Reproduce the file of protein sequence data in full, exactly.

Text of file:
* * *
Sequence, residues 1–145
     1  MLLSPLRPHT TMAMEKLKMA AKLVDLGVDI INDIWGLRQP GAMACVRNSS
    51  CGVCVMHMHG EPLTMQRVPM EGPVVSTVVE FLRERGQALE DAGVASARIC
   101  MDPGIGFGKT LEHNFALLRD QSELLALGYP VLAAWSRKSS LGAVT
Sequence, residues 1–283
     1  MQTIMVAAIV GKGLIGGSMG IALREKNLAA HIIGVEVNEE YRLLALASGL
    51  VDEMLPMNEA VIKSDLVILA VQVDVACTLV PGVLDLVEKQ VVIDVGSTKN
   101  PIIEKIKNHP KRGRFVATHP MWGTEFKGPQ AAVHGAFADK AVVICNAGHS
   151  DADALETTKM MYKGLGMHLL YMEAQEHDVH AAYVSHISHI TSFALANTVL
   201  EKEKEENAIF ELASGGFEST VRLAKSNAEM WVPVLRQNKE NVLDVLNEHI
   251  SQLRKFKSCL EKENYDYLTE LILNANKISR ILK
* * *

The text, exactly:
Sequence, residues 1–145
     1  MLLSPLRPHT TMAMEKLKMA AKLVDLGVDI INDIWGLRQP GAMACVRNSS
    51  CGVCVMHMHG EPLTMQRVPM EGPVVSTVVE FLRERGQALE DAGVASARIC
   101  MDPGIGFGKT LEHNFALLRD QSELLALGYP VLAAWSRKSS LGAVT
Sequence, residues 1–283
     1  MQTIMVAAIV GKGLIGGSMG IALREKNLAA HIIGVEVNEE YRLLALASGL
    51  VDEMLPMNEA VIKSDLVILA VQVDVACTLV PGVLDLVEKQ VVIDVGSTKN
   101  PIIEKIKNHP KRGRFVATHP MWGTEFKGPQ AAVHGAFADK AVVICNAGHS
   151  DADALETTKM MYKGLGMHLL YMEAQEHDVH AAYVSHISHI TSFALANTVL
   201  EKEKEENAIF ELASGGFEST VRLAKSNAEM WVPVLRQNKE NVLDVLNEHI
   251  SQLRKFKSCL EKENYDYLTE LILNANKISR ILK